[quote="Holly3278, post:1, topic:334000"]
Who is the centurion in verse 54? Is that Saint Longinus, the centurion/soldier who pierced Jesus' side with a lance? Or is it a different centurion? If it is a different centurion, he clearly expressed belief in Jesus Christ. Did he go to on to become a saint?
'Longinus' is the (or rather a, since there are is at least one or two variants) name usually given to the soldier who pierced Jesus' side, yes.
In John's gospel it isn't really mentioned whether "one of the soldiers" who did it is the centurion who in the synoptics confesses Jesus as God's Son (although, in fairness, John doesn't mention the centurion at all). Given however the tendency amongst early Christians to conflate different minor characters in the Bible (Mary Magdalene is a famous case), sometimes you see 'Longinus' identified both as the soldier with the spear and the centurion.
In the 2nd century Gospel of Peter, the centurion in charge of the soldiers guarding Jesus' tomb is given the name Petronius. 'Longinus' as a named character meanwhile first appears in a 6th century work known as the Acta Pilati (Acts of Pilate). The Rabula Gospels (AD 586) is another early witness to the name: there it is spelled in Greek as Loginos.
Funny thing is, in an apocryphal Greek work sometimes appended to the Acta Pilati (The Letter of Herod to Pilate), Longinus is no saint. Instead, he is punished for his spearing Jesus in a way that kind of smells like Greek mythology: he is imprisoned in a cave where a lion comes every evening to maul him. When morning comes the lion leaves and his body regenerates, rinse and repeat until Doomsday.
Now concerning Longinus, the one who struck the side of Jesus with a spear: at this hour an angel of the Lord took him by his head and carried him across the Jordan to a wilderness place, and brought him further into the cave, and stretched him out on the ground in full view. And a lion was assigned to come forth at night and to destroy his body until dawn. The lion went away at dawn, and his body again became whole. This is the punishment he receives until the second coming of the Lord Jesus Christ.
Contradicting this portrait is another work (also Greek) which this time claims to be a letter from Pilate to Herod. Here Procla (Pilate's wife) and Longinus are both converted after personally meeting Jesus after the Resurrection. (For good measure, Pilate also becomes a Christian in this work as well.) Here Longinus is identified with the centurion:
Pilate, governor of Jerusalem, to Herod the tetrach, greetings.
Persuaded by you, I did a terrible thing on that day the Jews brought to me Jesus, the one who is called the Christ. They, along with the centurion, reported to me how he was crucified and arose from the dead on the third day. But I myself was persuaded to send messengers to Galilee. They saw him in the same flesh and in the same appearance; and he revealed himself in the same voice and with the same teaching to more than five hundred godly people, who as witnesses brought forth their testimony about this, expressing no doubts in the matter but preaching extensively the resurrection and declaring the eternal kingdom—so that the heavens and the earth appeared to rejoice at his holy teachings.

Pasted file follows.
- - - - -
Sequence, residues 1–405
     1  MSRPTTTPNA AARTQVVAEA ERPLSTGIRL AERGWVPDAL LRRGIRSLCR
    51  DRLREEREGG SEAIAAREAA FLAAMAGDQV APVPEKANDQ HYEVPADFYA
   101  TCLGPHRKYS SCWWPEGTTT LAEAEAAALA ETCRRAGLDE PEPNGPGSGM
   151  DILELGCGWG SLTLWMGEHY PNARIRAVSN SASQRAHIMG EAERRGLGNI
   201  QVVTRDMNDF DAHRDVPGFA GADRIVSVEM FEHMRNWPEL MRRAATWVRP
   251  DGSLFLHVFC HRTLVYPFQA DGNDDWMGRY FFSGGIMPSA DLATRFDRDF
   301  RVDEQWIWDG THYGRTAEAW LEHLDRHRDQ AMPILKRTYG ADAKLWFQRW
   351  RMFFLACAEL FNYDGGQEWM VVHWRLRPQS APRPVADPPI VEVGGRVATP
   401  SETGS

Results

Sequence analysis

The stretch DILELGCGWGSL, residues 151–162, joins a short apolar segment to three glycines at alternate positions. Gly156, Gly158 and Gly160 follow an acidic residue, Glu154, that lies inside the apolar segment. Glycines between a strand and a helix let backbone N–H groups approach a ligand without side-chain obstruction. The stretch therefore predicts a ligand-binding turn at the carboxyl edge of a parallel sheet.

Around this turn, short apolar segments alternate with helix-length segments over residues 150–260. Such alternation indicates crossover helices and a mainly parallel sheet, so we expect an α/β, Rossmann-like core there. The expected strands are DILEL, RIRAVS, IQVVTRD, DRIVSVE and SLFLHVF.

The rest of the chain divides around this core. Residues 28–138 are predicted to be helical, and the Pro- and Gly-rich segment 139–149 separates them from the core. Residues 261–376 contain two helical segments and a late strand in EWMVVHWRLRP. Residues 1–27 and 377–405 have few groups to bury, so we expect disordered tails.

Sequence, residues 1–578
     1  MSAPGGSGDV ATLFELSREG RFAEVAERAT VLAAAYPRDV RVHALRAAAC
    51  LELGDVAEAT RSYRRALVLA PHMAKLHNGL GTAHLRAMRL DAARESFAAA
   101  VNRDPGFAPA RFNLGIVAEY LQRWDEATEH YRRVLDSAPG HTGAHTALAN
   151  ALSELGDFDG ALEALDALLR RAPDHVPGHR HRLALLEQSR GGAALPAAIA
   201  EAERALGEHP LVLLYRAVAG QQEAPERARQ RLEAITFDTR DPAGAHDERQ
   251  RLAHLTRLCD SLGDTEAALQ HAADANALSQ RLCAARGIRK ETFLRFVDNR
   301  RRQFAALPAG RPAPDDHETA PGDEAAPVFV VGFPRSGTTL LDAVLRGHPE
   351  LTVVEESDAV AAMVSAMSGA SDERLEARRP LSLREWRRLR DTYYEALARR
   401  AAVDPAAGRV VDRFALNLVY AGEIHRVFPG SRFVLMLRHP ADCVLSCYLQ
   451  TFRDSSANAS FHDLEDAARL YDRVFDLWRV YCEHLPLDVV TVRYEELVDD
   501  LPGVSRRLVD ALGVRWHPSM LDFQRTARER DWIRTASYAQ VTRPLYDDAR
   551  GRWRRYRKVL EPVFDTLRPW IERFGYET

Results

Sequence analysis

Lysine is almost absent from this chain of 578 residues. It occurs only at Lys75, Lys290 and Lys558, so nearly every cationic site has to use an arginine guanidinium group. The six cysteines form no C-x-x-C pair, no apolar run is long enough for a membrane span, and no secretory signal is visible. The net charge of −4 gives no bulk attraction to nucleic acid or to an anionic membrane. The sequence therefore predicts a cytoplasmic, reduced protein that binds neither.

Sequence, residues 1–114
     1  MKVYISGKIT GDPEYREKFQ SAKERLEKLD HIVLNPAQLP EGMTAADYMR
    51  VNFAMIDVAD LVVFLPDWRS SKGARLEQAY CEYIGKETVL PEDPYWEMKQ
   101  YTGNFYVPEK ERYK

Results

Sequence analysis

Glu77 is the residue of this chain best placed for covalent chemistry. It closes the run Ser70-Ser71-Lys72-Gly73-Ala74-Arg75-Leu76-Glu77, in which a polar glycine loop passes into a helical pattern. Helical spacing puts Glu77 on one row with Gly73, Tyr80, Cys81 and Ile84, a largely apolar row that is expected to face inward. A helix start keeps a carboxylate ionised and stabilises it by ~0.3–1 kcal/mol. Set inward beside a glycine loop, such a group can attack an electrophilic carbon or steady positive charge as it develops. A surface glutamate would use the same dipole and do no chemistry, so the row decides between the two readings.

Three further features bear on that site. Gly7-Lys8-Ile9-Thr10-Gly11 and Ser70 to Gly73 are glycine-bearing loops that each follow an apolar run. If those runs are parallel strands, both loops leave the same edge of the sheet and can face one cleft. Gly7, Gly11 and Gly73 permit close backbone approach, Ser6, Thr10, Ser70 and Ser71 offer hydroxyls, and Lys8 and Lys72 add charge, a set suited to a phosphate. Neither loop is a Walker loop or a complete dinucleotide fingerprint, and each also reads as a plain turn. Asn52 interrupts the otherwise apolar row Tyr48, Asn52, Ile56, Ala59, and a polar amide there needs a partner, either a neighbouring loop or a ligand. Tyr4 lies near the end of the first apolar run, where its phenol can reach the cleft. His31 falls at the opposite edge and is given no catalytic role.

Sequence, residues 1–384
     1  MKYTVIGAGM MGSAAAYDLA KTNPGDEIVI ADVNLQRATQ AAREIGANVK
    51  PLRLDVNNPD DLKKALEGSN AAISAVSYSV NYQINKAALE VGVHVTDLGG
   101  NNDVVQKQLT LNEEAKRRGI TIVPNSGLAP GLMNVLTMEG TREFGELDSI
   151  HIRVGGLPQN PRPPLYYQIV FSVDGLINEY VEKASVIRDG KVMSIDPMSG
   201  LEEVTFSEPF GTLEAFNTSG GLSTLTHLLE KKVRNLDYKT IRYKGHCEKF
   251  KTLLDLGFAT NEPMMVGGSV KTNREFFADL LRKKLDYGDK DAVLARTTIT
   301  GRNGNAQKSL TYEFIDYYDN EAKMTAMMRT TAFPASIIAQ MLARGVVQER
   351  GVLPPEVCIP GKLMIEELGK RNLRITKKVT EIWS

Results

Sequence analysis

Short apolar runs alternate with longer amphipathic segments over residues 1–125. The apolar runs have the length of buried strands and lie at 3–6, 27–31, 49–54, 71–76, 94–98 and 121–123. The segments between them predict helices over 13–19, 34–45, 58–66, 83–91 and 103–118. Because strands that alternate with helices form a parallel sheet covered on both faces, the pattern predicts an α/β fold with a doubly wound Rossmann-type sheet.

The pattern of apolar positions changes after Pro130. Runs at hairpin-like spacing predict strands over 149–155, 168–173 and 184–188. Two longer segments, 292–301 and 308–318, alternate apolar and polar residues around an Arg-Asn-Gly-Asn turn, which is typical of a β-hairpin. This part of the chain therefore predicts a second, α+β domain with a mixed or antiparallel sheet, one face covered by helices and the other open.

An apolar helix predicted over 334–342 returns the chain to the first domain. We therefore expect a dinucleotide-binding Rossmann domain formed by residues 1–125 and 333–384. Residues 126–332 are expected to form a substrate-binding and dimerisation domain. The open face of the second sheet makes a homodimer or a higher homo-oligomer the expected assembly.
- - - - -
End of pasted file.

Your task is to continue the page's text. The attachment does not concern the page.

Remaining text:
My own wife, Procla, came to believe because of the visions in which he appeared to her when I was about to hand him over to be crucified because of your advice. She left me, taking ten soldiers with her and Longinus, the faithful centurion, and went to catch sight of him—as if going to a great spectacle. They saw him seated in a plowed field, with a great crowd surrounding him; he was teaching the mighty works of the Father, so that all were amazed and astounded at how this one who suffered and was crucified was raised from the dead.
While everyone was watching and observing him, he became aware of their presence and spoke to them: “Do you still not believe in me, Procla and Longinus? Are you not the one who watched over my suffering and tomb? And you, woman, did you send a message to your husband about me? (…) the covenant the covenant of God that the Father made. Through my own death, which you have perceived, I will bring to life every fleshly being that has perished—I the one who was lifted up and suffered many things. Now, therefore, listen; every fleshly being who believes in God the Father and in me will not perish. For I have set loose the birth pangs of death and have slain the many-headed dragon. In my second coming that is about to occur, everyone will be raised in the body and mind that they now have, to praise my Father—I who was crucified under Pontius Pilate.”
When he said these things, my wife, Procla, heard them, along with the centurion Longinus, who had been entrusted to watch over the suffering of Jesus, and the soldiers who accompanied them. They all came, weeping and grieving, to proclaim these things to me.